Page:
Hi Mikkel, you know I never cease to be flattered by your interest and comments on my models.  You are a master at finescale, but not in the dry 'rivet counter' style you often run accross - instead you manage to combine accuracy and atmosphere in your scenes and I only wish I had a thousandth of your patience to go to those lengths.  Your layouts are museum quality and remind me of the cameos I used to spend hours pouring over in the old science museum we had in Birmingham.  Unfortunately, I always seem to be in a hurry and am caught up in that impossible venture of dreaming up and constructing that perfect, but ever elusive, layout. 

 

This is my first attempt at copying a real location and it seems fitting that it's a place were I spent many hours as a boy - who knows where it'll lead me next.  Most of the old schemes are just gathering dust in the loft - althought I have linked Perry Barr to my Up The Junction layout. Cheslyn Station was donated to the Lartigue Railway Museum in Listowel (they've got it mounted on the wall) and I might give them a few more.  I'd gladly give them away to good homes, but people would have to collect - bit of a problem as I live out in the sticks in SW Ireland.  One was given to my neighbours young lad but, alas, it eventually ended up in the skip all torn apart and bashed up.  Which neatly leads me on to your last point.  You are absolutely right about the modern world of instant gratification - building models is too much like hard work when you can go out and buy the lastest gizmo. This endless cyle of consumerism is getting to become a massive burden and is leading us into an environmental disaster.  Most people miss the point of what we do and have no idea what joy and release a hobby like ours can offer.  When you are engrossed in those frustrations and problems that constructing layouts throw up, the world, and all its day to day cares, disappears.  That's what I get out of it most - wonderful release.  There is also no feeling quite like it when you step back at the finish of something and say to yourself 'gosh, look what I've made out of bits of card and wire'.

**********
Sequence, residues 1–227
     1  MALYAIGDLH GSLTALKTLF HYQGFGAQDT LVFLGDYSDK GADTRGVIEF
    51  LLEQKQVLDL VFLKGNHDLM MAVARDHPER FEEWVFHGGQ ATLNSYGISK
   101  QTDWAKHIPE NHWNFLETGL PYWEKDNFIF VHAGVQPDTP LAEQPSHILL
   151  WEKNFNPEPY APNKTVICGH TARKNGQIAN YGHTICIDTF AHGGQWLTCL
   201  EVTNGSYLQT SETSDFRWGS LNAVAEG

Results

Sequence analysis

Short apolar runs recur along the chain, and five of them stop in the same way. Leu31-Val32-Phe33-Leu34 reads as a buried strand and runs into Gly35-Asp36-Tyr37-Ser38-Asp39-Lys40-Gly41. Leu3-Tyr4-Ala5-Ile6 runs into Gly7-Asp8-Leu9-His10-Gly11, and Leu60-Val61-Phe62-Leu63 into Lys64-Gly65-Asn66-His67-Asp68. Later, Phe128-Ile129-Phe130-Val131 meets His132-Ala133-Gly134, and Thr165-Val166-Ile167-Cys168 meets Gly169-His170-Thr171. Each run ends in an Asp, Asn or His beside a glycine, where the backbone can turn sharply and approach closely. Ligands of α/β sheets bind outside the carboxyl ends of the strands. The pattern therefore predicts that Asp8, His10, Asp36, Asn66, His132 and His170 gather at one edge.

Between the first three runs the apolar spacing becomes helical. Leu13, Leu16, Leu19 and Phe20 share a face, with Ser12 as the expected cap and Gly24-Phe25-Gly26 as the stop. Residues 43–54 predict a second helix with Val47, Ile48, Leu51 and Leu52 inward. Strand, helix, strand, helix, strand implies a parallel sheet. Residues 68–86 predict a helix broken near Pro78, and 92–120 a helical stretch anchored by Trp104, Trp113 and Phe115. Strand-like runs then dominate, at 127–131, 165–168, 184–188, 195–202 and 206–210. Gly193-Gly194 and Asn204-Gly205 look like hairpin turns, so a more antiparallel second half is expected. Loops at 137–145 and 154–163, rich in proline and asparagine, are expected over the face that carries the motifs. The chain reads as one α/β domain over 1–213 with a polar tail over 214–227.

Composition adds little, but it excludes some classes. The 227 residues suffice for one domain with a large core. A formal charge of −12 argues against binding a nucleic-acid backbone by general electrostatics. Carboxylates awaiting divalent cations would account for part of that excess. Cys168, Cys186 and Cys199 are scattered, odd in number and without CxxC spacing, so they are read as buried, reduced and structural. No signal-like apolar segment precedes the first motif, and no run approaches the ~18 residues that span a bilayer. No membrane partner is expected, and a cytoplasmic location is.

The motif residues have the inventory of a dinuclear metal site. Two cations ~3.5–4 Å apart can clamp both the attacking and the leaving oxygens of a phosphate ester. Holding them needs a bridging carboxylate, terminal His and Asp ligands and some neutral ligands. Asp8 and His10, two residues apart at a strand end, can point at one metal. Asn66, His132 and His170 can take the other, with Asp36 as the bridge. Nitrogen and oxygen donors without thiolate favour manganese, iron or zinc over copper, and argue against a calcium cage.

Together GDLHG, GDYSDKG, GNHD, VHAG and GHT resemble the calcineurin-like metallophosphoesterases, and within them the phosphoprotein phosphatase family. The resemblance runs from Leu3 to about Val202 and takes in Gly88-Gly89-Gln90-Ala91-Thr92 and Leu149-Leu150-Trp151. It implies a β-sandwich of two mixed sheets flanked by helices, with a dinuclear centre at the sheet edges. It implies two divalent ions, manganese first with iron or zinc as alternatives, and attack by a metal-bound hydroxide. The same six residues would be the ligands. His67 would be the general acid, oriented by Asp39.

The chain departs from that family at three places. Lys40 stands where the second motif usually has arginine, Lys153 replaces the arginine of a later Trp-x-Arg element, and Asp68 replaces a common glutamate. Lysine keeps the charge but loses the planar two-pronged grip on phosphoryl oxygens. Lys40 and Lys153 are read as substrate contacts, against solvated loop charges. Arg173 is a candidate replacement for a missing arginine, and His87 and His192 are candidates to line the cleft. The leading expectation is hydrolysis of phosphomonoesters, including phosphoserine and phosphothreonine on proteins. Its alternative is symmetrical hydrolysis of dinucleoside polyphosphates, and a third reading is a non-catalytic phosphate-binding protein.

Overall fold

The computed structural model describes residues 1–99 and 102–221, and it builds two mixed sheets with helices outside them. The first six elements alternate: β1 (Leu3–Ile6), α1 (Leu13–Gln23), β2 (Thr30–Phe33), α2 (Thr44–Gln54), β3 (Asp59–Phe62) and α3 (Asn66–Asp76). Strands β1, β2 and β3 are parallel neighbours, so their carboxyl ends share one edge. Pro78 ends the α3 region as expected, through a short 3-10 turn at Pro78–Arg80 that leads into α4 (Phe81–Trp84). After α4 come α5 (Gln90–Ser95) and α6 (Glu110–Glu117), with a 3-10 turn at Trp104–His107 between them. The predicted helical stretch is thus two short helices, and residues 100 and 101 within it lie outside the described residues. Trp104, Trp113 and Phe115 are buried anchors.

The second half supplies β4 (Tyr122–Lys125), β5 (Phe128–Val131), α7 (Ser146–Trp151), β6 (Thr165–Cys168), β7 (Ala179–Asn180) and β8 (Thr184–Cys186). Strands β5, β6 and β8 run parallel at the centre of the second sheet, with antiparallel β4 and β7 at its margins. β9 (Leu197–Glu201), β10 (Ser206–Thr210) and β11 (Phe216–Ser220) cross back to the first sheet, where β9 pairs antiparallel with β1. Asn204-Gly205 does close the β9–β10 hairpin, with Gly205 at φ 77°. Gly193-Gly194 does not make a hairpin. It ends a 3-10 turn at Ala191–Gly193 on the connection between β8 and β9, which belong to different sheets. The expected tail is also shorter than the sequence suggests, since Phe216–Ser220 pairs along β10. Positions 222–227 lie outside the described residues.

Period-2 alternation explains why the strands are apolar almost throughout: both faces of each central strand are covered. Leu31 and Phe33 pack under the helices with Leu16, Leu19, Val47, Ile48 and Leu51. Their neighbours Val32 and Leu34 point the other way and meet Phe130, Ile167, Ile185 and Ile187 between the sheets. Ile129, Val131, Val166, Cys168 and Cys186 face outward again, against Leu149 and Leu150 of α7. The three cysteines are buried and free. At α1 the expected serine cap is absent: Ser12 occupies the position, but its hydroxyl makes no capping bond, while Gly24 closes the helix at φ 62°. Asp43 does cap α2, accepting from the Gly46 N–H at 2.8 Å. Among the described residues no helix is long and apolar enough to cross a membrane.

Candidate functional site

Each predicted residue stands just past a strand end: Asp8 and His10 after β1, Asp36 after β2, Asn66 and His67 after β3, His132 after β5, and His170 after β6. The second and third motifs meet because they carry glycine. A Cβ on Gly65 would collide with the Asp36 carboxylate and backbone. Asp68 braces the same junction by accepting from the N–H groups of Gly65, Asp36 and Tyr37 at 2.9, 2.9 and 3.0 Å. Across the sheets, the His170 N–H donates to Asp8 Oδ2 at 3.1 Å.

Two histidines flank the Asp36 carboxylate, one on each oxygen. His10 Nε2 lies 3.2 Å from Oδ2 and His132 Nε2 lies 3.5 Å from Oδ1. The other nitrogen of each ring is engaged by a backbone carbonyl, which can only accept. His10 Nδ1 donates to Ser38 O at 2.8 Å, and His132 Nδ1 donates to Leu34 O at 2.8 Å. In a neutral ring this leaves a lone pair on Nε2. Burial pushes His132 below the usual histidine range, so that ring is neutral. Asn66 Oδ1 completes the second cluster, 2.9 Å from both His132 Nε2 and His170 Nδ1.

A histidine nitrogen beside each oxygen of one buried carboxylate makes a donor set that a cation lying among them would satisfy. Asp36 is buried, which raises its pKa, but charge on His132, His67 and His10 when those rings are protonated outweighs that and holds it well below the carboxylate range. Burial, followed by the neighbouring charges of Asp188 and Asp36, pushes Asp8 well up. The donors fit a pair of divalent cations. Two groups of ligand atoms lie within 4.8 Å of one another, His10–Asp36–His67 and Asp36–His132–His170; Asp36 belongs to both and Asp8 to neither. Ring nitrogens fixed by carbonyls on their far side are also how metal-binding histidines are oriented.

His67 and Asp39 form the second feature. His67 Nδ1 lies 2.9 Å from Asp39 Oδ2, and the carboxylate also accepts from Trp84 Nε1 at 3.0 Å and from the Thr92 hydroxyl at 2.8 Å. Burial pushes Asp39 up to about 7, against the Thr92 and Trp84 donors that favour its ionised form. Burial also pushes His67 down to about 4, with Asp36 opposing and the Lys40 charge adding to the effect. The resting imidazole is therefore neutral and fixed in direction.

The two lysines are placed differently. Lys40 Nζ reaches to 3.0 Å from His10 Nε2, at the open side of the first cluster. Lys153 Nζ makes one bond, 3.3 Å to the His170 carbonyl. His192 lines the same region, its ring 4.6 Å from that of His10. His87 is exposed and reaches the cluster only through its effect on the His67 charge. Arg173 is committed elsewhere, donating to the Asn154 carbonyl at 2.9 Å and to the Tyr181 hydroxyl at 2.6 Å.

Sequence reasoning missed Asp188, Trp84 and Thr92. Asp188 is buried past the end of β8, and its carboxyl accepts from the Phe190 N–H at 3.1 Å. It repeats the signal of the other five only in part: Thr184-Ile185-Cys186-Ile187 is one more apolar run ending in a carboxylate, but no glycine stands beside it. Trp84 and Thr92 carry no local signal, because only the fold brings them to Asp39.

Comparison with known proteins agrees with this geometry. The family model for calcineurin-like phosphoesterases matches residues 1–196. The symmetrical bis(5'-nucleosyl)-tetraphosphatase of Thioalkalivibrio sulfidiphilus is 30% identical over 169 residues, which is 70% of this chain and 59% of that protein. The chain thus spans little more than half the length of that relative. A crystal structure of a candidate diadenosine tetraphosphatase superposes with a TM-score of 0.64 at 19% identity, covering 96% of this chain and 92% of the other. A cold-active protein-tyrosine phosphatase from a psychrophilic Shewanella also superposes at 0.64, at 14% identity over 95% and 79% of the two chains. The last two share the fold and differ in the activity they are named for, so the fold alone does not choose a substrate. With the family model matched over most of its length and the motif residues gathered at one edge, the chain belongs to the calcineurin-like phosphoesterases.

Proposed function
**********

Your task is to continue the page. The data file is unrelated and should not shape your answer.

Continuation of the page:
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Absolutely superb Mike!

 

Thanks for posting more great pictures...oozing atmosphere :yes:

 

Do you have a long FY each end, is it roundy roundy or more a static long diorama? Whatever it is...it looks fab.

 

Keep em coming :good:

Cheers, Pete.

 

As I've mentioned to Mikkel, I am always flattered by your interest and comments.  Your layouts are so professional that you'd swear they'd been made in a factory on precise machine tools. Mind boggling to think you've done it in 2mm finescale.  In fact, if scaled up to one to one the tolerances would probably be the same!  Museum quality stuff with artful atmosphere and careful research.   Mine are good, but never as accurate as yours.  That's no false modesty either - put your eye along my schemes and you'll see plenty of wobbly bits and a lot of fudging.  I do try to get things square at least and think that is where my stuff works okay.

 

I've linked Perry Barr to my last layout to give the trains a bit of a run up.  I've used a return loop at the station end so the trains can return down the opposite track - all on a single track controller.  It's frustrating all the same and I get a lot of uncoupling and stalling even though I've employed a third radius circle.   

 

More piccies soon.

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Thanks Mike for the kind comments. Your loft must be a bit of a treasure trove. I can just picture the scene in a film, someone stepping into your loft, turning on the light and a magical world appears. I remember you mentioned the Lartigue museum earlier, sounds like a good idea to give them some more of the layouts - but do they know what they are letting themselves in for: They'll have to build an extension to house all your past and future layouts :-)

 

Regarding the future of the planet and other trifles, I was fantasizing with someone yesterday that maybe our growing preoccupation with cyberspace are the first baby steps towards  detaching ourselves from an interest in the material world. It doesn't seem far fetched to imagine a future world where everything we value is virtual, and all relationships are online (like this conversation). Environmentally that might actually have certain benefits (e.g. interest and status might move from real consumer items to virtual ones), but what it would do to our happiness and relationships with people and nature is more worrying. Not to mention railway modelling!

 

Ahem, and now back to reality :-)

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Thanks also Mike for the kind comments - this blog is all about you though and your fab modelling :good:

 

Plenty of wobbling and fudged bits on my stuff too you know ;)

 

Look forward to see more pics.

 

Just looking again at your first photo and wondering if there is scope to increase the size of the big 60’s building behind...it looks pretty imposing on the real thing...or perhaps you were keen to play it down?

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Thanks Mike for the kind comments. Your loft must be a bit of a treasure trove. I can just picture the scene in a film, someone stepping into your loft, turning on the light and a magical world appears. I remember you mentioned the Lartigue museum earlier, sounds like a good idea to give them some more of the layouts - but do they know what they are letting themselves in for: They'll have to build an extension to house all your past and future layouts :-)